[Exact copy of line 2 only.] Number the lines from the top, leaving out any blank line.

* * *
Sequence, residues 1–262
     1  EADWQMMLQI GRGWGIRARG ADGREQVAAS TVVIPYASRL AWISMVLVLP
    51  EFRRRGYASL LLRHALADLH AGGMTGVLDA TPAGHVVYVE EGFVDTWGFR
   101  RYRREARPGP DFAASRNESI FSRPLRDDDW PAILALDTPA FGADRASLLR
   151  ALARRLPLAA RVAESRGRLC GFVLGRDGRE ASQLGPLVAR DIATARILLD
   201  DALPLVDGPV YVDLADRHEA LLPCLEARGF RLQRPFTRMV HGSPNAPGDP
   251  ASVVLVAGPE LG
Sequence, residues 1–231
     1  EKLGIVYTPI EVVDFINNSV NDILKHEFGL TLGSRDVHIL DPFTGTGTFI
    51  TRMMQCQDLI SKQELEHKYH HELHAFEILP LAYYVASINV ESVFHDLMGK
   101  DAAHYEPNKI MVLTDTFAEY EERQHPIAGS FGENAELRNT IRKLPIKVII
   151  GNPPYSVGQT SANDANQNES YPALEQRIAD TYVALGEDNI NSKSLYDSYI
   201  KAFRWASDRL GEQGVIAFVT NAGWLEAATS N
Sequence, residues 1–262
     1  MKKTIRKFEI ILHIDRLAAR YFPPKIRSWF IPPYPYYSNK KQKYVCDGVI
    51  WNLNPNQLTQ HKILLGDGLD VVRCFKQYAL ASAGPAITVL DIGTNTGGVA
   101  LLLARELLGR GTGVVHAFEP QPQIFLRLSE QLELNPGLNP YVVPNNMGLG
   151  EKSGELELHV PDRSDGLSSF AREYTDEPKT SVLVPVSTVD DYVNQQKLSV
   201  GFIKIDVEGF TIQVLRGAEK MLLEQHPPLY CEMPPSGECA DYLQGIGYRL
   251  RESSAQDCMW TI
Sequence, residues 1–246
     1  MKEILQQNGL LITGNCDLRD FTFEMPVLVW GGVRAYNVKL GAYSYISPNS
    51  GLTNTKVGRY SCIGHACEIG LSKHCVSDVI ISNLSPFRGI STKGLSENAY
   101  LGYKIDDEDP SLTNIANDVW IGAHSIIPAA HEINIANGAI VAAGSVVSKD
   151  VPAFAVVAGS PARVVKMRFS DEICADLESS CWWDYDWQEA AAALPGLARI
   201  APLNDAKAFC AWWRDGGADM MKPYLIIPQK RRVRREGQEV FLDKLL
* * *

     1  EADWQMMLQI GRGWGIRARG ADGREQVAAS TVVIPYASRL AWISMVLVLP